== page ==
It’s not true that everyone who lives in Maine has worked for L.L. Bean, but it sometimes feels that way.

That’s because the outdoor retailer hires thousands of people every fall during the holiday rush, and, at least for a few months, it tries to make them all feel like they are part of the Bean family.

When the rosters shrink in the new year, the seasonal workers fan out across the state and won’t shut up about the incredible bargains they got at the employee store.

Count me as a family member, a distant one – like a fourth cousin, maybe. In the winter of 1990-91 I was a member of Bean’s famous customer service team, and for the past 27 years I have basked in reflected glory every time I hear somebody gush about how well they were treated.

So I got a little defensive last week when my old employer was getting hammered – unfairly, I felt.

“No more lifetime returns,” read a typical headline. “L.L. Bean gives legendary policy the boot.”

The problem is that word “lifetime.” It showed up in nearly every story. But that was never what the company really promised.

No one ever guaranteed that a pair of shoes would last forever – that’s madness.

Bean’s real promise, one that’s still valid with a few caveats, is that the buyer will be “100 percent satisfied,” a much more subtle and complicated concept. Satisfaction means different things to different people and can’t be achieved the same way in every case. It’s more of a philosophical concept than a business plan.

Which is why, before I ever got on the phone with a single customer, Bean’s put me through 80 hours of paid training. It was, by far, more training than I have ever had for any job, including the one I have now.

The “100 percent satisfaction” guarantee was at the heart of it. People were calling us with problems, and they wanted to hear someone on our end take responsibility. Once I finished training I was empowered to do that, and I began repeating the words “I’m sorry” for eight hours a night. After work I couldn’t stop and went around apologizing for everything – the weather (“I’m sorry”), the S&L crisis (“I’m sorry”), the popularity of gangsta rap (“I’m sorry”) – even if it wasn’t my fault. It was good practice, and probably why I’m still married after almost 30 years.

Not all of the calls were complaints. We would get questions about products, too. I liked helping people decide what size shoes to buy.

Me: “Are you wearing shoes now?”

Caller: “Yes.”

Me: “OK. What size are they?”

Caller: “They’re a 10.”

Me: “And how do they feel?”

Caller: “Pretty good.”

Me: “Hmm. I think I’d go with the 10 then.”

Caller: “Thanks, I’ll do that!”

The shoes might not fit, but at least he didn’t have to make the decision alone.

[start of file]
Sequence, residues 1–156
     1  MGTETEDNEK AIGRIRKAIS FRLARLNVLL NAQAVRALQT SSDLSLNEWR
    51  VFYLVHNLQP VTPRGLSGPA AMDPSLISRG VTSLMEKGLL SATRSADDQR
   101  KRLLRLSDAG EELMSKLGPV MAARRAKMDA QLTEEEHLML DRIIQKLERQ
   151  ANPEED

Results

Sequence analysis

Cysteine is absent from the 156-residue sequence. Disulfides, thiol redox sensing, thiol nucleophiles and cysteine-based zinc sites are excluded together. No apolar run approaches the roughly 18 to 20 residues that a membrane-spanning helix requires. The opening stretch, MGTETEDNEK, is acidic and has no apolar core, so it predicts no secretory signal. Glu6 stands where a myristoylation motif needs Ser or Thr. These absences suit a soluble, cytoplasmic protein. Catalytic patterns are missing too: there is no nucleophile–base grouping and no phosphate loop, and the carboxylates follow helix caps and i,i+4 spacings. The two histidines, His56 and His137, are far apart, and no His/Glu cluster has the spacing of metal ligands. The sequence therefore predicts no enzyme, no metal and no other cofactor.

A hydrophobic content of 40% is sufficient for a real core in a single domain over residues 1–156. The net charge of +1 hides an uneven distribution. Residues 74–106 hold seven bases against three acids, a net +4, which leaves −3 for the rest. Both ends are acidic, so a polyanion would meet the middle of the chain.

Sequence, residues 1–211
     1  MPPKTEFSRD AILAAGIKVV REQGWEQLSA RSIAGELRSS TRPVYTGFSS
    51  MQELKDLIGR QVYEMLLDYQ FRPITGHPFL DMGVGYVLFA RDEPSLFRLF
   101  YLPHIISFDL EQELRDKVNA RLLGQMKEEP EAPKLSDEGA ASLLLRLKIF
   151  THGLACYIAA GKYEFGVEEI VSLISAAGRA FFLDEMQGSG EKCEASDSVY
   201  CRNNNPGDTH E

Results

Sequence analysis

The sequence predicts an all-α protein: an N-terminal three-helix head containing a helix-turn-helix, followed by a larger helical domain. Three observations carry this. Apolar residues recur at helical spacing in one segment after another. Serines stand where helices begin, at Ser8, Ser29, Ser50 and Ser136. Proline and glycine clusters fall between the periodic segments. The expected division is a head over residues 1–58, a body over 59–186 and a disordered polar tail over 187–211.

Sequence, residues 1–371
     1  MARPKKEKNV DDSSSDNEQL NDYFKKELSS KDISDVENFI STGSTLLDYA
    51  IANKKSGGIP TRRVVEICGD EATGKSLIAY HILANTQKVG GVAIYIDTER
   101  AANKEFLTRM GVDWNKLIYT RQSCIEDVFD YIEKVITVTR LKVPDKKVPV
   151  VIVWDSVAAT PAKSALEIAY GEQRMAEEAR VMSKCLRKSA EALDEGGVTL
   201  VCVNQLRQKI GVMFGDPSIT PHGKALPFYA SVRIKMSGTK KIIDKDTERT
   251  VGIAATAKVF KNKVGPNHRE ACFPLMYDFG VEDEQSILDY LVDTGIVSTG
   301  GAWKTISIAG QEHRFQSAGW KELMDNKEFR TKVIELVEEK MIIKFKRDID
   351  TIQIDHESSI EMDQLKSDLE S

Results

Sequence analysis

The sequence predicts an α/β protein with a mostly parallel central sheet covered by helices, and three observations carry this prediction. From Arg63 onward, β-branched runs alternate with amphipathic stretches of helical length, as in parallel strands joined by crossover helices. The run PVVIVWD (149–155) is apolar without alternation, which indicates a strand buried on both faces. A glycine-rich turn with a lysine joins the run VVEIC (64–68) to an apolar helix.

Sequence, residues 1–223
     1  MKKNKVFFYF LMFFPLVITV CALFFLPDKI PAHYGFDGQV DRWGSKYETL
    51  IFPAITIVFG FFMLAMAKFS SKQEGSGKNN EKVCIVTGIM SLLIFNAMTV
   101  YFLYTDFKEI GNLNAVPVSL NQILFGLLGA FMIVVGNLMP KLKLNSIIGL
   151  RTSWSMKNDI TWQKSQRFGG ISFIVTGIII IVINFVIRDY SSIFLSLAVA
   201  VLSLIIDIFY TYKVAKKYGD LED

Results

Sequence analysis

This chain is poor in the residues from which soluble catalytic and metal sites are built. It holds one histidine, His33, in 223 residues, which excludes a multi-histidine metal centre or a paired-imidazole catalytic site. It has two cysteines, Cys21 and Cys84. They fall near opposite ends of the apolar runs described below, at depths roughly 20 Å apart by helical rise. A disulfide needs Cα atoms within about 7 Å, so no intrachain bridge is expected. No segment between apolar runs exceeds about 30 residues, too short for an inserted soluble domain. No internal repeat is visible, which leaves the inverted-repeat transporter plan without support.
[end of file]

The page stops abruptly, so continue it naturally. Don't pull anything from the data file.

Most of the complaints were from people who had been sent the wrong item, and early on those were easy to resolve because we could ship out replacements, by overnight mail if necessary. As we got deeper into the season, items might be out of stock and we couldn’t correct the order in time.

At that point, my job was to listen, apologize and see if there wasn’t some way we could make it right. Sometimes there was not.

A great lesson from this job was to see that there was very little relationship between how mad people got and how badly we had screwed up their order. The lady whose whole family would be opening envelopes with pictures cut from the catalog on Dec. 25 because her order had been shipped to Alaska instead of Arkansas could be perfectly understanding. But it would be the one who got a small wreath instead of a large one who would hiss, “I want you to know that you ruined my Christmas!” as she slammed down the phone.

I heard some incredible return stories – like the guy who bought a $5 replacement watchband that had fallen apart during a mountain climbing trip. He had no receipt and no watchband, but the company not only replaced his purchase, it gave him a brand-new watch.

Even in those days, however, there were times when we were instructed to say “no.”

A man called to say he had lost a lot of weight and wanted to know how to trade in his old clothes for smaller ones. I had to check with my manager and come back to tell him that we were very sorry. No company could guarantee that you’ll always be fat.

I think people need to lighten up about Bean’s new policy and be thankful for the valuable lessons it imparts: Nothing lasts forever, and satisfaction is a state of mind.

Greg Kesich is the editorial page editor. He can be contacted at:

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Twitter: gregkesich